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01/03/2011
- Beth Schultz

How management technologies will fulfill cloud and virtualization promises

Being that we’re at the start of a new year and all, I thought I’d launch the 2011 newsletter by sharing predictions from a variety of network and systems management vendor executives.

Many, of course, have high expectations regarding the continued maturity of virtualization and cloud computing within the enterprise and, along with that, a better understanding of the management challenges and how to go about addressing those effectively. Srinivas Ramanathan, CEO of performance monitoring company eG Innovations, for example, says the key factor determining the success of these technologies will be the total cost of ownership (TCO).

“The lower the TCO, the greater the chance of adoption. By proactively alerting administrators to problems, pointing to bottleneck areas and suggesting means of optimizing the infrastructure, management technologies will play a central role in ensuring that these technologies are successful,” he writes.

Here is an edited version of Ramanathan’s 2011 predictions:

  1. As enterprises focus on getting the maximum out of their existing virtualization investments, they’ll look to increase VM density on physical servers. In order to do so, administrators will need to understand the workload on each VM and which workloads are complementary (e.g., memory-intensive vs. CPU-intensive), so IT can mix and match VMs with different workloads to maximize usage of the physical servers. Management tools will provide the metrics that will form the basis for such optimizations.
  2. Multiple virtualization platforms in an organization will become a reality, with enterprises hosting the most critical applications on virtualization platforms with the best reliability and scalability and less critical applications on lower-cost platforms. Enterprises will look for management tools that can support all of these virtualization platforms from a single console.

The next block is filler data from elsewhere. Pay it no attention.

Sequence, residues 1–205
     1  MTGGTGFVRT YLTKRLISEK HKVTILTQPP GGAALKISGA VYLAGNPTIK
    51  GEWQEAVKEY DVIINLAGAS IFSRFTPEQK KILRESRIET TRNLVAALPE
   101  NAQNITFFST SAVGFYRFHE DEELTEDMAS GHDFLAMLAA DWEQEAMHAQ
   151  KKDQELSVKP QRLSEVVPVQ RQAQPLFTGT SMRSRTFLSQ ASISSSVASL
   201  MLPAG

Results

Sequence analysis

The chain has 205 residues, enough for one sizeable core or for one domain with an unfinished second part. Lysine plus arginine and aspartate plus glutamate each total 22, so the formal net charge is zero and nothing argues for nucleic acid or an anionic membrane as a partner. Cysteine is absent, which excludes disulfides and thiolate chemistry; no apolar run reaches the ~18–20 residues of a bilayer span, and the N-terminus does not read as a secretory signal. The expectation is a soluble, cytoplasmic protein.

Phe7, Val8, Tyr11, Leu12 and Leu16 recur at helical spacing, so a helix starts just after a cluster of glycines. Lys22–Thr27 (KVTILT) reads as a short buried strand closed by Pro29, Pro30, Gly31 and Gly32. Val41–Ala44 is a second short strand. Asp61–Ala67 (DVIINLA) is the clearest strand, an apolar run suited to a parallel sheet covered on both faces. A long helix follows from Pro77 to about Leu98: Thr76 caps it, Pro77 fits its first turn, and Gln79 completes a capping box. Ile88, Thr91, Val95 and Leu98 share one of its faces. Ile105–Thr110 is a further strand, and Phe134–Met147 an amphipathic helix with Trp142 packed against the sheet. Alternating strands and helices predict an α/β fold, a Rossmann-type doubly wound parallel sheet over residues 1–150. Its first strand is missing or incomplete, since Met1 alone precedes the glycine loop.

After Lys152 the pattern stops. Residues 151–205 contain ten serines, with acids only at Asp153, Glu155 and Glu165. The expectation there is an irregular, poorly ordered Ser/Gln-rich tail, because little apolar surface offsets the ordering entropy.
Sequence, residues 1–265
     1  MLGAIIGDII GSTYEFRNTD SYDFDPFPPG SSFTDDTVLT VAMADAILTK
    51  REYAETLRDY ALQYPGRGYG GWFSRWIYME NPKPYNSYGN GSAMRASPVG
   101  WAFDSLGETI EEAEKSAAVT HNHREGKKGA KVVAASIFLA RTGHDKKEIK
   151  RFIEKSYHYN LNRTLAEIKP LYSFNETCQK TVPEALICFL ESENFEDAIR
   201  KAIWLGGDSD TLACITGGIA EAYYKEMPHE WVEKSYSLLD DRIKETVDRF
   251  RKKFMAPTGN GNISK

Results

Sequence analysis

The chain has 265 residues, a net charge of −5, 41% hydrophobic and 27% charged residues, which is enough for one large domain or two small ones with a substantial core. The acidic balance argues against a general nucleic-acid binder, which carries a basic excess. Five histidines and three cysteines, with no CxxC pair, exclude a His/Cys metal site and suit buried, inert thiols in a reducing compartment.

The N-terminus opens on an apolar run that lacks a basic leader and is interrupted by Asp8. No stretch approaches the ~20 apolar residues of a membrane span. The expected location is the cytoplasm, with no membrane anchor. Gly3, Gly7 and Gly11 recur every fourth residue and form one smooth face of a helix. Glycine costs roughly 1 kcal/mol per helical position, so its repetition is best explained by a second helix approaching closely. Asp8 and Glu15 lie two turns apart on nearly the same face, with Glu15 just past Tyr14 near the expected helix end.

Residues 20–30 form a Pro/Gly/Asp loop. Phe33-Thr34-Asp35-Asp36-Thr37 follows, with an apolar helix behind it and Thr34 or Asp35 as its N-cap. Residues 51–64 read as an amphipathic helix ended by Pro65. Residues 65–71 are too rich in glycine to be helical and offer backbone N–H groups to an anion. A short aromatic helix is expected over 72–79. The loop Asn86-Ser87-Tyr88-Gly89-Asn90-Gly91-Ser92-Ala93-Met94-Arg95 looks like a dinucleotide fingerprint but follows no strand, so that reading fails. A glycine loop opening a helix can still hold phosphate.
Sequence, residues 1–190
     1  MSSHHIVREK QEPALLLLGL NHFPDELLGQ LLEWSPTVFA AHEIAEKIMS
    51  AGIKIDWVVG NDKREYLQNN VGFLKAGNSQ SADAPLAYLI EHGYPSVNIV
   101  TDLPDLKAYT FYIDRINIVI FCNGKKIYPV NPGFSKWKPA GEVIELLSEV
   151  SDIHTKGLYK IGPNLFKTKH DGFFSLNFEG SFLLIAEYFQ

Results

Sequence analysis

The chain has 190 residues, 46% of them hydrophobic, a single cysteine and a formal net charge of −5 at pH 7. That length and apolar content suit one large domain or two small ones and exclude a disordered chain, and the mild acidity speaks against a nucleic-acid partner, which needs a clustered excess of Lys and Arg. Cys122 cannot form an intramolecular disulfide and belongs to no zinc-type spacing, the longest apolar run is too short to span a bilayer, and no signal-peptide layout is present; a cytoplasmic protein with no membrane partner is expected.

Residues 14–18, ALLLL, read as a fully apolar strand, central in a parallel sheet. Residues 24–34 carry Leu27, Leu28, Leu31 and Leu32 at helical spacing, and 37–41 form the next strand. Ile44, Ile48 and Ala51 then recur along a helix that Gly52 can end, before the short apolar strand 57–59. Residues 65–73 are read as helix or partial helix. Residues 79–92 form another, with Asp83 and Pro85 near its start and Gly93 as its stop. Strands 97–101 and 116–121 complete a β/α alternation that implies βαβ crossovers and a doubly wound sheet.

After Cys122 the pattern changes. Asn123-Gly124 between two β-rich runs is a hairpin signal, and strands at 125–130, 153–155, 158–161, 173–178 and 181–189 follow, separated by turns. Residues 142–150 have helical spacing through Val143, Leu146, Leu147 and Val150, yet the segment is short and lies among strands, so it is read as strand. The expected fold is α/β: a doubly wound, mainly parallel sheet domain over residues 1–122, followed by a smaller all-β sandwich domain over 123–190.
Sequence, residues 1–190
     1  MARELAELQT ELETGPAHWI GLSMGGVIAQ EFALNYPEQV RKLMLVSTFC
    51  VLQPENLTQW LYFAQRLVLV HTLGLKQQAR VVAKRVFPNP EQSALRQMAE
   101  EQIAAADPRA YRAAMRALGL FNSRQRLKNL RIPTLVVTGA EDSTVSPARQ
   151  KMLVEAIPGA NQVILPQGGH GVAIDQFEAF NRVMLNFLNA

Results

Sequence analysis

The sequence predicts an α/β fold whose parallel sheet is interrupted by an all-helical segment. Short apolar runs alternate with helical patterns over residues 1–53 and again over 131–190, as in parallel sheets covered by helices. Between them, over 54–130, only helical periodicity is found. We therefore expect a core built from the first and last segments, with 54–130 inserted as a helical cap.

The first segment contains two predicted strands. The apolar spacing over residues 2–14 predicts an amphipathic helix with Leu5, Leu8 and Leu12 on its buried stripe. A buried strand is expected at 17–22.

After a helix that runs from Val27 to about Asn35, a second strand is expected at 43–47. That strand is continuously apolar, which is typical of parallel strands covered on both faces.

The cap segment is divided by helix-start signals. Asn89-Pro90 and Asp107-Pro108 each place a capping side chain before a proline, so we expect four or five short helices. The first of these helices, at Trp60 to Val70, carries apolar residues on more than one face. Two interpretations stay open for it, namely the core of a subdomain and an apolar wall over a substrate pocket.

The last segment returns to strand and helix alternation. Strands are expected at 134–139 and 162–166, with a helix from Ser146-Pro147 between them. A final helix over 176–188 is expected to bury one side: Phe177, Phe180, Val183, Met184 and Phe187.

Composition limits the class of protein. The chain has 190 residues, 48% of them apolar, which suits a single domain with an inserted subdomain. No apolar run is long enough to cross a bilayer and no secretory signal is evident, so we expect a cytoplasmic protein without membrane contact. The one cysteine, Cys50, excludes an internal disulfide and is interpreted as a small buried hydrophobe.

3. As key applications move to virtual infrastructures, enterprises will realize that configuration issues or other problems in the virtual infrastructure also can affect the performance of business services running throughout the infrastructure. Enterprise service desks will need management systems that can correlate the performance of business services with that of the virtual infrastructure and help them quickly translate a service performance problem into an actionable event at the operational layer.
  4. Enterprises will realize that desktop virtualization is very different from server virtualization, and that management tools for virtual desktop infrastructure (VDI) need to be tailored to its unique challenges. Having the right management solution in place will provide VDI administrators visibility into every tier of the infrastructure, thereby allowing them to determine why a performance slowdown is happening and how they can re-engineer the infrastructure for optimal performance.
  5. Cloud computing will gain momentum, with internal enterprise IT teams continuing work on public clouds and ultimately evolving to hybrid cloud models. Monitoring and management technologies will need to evolve to manage business services that span one or more cloud providers, where the service owner will not have complete visibility into the cloud infrastructure that their service is using. (See also: 2011 tech priorities: Private cloud beckons)
  6. Enterprises will move toward greater automation. For all the talk about automation, very few production environments make extensive use of this powerful functionality. For cloud providers, automation will be a must as they seek to make their environments agile. Dynamic provisioning, automated load balancing and on-demand power on/power off of VMs based on user workloads will all start to happen in the data center.
  7. Do more with less will continue to be the paradigm driving IT operations. Administrators will look for tools that can save them at least a few hours of toil each day through proactive monitoring, accurate root-cause diagnosis and pinpointing of bottleneck areas. Cost will be an important criterion for tool selection and, as hardware becomes cheaper, management tool vendors will be forced away from pricing per CPU, core, socket or per-application managed.
  8. Enterprises will continue to look to consolidate monitoring tools. Tools that can span the physical and virtual worlds, offer active and passive monitoring capabilities, and support performance and configuration management will be in high demand. Consolidation of monitoring tools will result in tangible operational savings and actually work better than a larger number of dedicated element managers.

Reposted from: http://www.networkworld.com/newsletters/nsm/2011/010311nsm1.html?source=NWWNLE _nlt _network systems_2011-01-03

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